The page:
Who funds South Africa’s political parties? The answer has always been shrouded in secrecy – both before and post 1994 when the country became a constitutional democracy.
South Africa is one of very few democracies in the world that don’t regulate the private funding of political parties. Most countries have laws that encourage parties to disclose who their funders are. All ten of the largest democracies in the world have disclosure laws.
Legislation to control private funding in South Africa is long overdue for two reasons: its absence opens the door to corruption and citizens need to know who is paying the piper.
But, worldwide, it’s the anonymity of private funders that creates the most controversy. This is because parties typically spend much more private than public money during election campaigns.
The issue became a serious debating topic in 2003 when the think-tank the Institute for a Democratic Alternative for South Africa (IDASA) began a campaign for greater transparency. Three years later the Institute for Security Studies argued that the absence of enforceable party funding legislation was a threat to the integrity of South Africa’s democracy. The media has also been consistently critical of instances of corruption resulting from the lack of regulation of private funding.
Until recently there was insufficient political will to legislate private party funding. But that’s changing. The Political Party Funding Bill, which has been tabled for public comment, promises to inject much-needed transparency into the upcoming campaigning for the country’s 2019 national and provincial elections.
A recent judgment passed down by the Constitutional Court has added urgency to the push for reform. The court called for the current law to be amended and for a clear policy to be developed on private funding.
In its current form, the Bill would certainly strengthen transparency. Designed to regulate both private and public funding, the Bill proposes that donations from certain groups, such as foreign governments or organs of state, are banned. It also sets out what funding can be used for.
The hope is the Bill won’t be watered down or rendered meaningless before it is passed.
Change of heart
Most of the country’s political parties have historically resisted disclosure. The African National Congress and the main opposition party, the Democratic Alliance, have been particularly unsupportive of change. The DA even went as far as arguing that political parties are entitled to privacy, and that donors to smaller parties should be shielded from a possibly “vengeful” governing party.
Yet transparent governance and multiparty democracy depend on knowing where donations come from. That’s because private contributions to a political party are made in anticipation that the party will advance a particular social interest, policy or viewpoint. A public armed with information about who is providing candidates with the most support is in a much better position to detect any post-election special favours they may be given in return.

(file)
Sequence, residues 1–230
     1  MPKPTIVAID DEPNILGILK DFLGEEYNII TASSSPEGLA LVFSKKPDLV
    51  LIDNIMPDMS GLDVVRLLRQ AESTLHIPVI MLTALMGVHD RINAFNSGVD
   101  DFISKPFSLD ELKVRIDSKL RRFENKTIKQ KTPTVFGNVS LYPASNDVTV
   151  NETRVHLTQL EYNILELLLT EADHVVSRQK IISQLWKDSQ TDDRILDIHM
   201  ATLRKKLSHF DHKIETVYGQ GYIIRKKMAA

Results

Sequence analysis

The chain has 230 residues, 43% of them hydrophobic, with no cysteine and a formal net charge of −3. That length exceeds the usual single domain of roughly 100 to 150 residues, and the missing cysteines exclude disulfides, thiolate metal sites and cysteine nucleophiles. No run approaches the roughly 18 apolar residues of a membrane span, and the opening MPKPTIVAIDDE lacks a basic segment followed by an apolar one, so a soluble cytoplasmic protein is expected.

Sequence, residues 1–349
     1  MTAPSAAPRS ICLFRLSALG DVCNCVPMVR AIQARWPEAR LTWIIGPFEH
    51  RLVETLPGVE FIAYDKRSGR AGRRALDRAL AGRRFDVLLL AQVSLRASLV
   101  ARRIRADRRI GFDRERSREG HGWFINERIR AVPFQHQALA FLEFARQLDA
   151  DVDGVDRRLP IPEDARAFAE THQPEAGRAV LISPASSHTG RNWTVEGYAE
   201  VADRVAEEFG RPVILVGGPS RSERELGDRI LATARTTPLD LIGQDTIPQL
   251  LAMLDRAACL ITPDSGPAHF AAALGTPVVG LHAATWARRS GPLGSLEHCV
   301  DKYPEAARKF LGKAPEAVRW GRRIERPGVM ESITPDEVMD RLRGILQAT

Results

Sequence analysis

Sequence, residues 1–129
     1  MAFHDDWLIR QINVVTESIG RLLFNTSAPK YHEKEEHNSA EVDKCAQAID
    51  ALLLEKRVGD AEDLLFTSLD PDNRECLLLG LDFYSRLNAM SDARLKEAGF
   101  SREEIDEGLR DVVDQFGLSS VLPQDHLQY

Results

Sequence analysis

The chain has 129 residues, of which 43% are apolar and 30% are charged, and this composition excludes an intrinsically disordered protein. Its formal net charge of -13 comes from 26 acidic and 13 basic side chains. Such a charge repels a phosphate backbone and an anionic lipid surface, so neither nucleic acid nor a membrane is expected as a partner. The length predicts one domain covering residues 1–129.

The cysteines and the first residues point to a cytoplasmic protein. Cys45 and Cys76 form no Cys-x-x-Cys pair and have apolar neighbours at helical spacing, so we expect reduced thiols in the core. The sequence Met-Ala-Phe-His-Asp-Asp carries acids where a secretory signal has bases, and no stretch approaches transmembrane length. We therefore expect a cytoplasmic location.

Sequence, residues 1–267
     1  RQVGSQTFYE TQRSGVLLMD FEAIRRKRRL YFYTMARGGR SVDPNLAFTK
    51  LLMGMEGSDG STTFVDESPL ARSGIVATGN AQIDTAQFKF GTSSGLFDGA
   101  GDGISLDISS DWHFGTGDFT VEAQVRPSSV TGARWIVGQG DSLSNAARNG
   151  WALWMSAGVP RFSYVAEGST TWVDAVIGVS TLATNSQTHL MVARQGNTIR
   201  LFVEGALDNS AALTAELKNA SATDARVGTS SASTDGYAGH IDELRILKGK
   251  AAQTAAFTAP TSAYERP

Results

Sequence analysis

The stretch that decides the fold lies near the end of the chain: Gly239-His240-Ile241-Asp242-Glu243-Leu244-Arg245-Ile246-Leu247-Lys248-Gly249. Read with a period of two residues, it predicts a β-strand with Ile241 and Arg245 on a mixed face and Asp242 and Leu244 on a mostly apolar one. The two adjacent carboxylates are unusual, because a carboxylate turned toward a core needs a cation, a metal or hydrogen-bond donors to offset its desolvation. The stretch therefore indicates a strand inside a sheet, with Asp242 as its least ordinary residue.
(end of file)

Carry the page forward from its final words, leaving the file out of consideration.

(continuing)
Public funding – provided by the state and dispensed by Parliament, allows political parties to conduct their daily activities. It’s designed to strengthen their capacity and give them a fair chance of success. It’s also meant to reduce their dependence on private funding.
But how the money should be allocated is controversial.
Under the current system parties get money based on “proportionality” – that is on the basis of their performance in the last election. This meant that in 2015 the ANC got close to R60 million, and the DA R16 million.
Under the current system 90% of the money is allocated based on how many MPs each party has in the National Assembly. The other 10% is distributed among parties contesting in the provinces.
The proportionality approach is fairly universal. But there are problems with it. The most obvious is that it can entrench the dominance of the governing party and make it hard for smaller or newer parties to challenge it.
One way of getting around this would be to make sure money should be distributed in a way that doesn’t prejudice smaller parties.
Private funding is a much trickier proposition because support can come in many different forms and influence can be traded in many ways. For example, indirect funding can take the form of tax exemptions and subsidised access to media.
Proper scrutiny should therefore include monitoring indirect as well as direct political party funding.
The proposed law has been praised as progressive, although some have criticised it for requiring disclosure of all private donations of R100 000. This is seen as being too high for the smaller parties.
The success of the Bill will depend on whether it’s watered down before it’s passed, and on how rigorously it’s implemented once it becomes law. Success will also depend on the public’s willingness to monitor party funding and to press for greater disclosure.